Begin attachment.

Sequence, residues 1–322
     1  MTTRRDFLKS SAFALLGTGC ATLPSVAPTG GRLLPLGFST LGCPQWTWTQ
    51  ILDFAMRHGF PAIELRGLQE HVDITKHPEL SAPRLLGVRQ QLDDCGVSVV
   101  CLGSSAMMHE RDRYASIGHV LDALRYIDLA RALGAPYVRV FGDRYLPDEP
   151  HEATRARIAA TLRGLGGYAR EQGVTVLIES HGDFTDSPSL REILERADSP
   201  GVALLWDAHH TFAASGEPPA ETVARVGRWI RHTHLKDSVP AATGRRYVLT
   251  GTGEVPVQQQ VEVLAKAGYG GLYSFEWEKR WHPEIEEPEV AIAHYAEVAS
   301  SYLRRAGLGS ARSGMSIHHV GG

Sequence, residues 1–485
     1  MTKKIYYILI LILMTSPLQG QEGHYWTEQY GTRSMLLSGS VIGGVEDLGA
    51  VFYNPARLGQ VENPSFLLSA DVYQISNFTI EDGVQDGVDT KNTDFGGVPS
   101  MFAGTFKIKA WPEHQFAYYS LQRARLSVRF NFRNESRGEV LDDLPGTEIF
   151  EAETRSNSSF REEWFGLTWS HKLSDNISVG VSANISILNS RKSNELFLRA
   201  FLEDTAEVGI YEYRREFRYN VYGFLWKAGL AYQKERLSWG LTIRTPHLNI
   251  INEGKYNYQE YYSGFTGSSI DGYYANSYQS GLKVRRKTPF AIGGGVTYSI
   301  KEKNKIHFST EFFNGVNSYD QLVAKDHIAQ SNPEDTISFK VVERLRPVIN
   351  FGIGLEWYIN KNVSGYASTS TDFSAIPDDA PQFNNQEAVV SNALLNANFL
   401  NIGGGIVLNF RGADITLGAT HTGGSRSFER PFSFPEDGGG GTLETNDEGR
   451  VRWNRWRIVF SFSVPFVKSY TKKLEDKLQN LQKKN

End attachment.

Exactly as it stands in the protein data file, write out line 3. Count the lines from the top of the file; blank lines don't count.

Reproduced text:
    51  ILDFAMRHGF PAIELRGLQE HVDITKHPEL SAPRLLGVRQ QLDDCGVSVV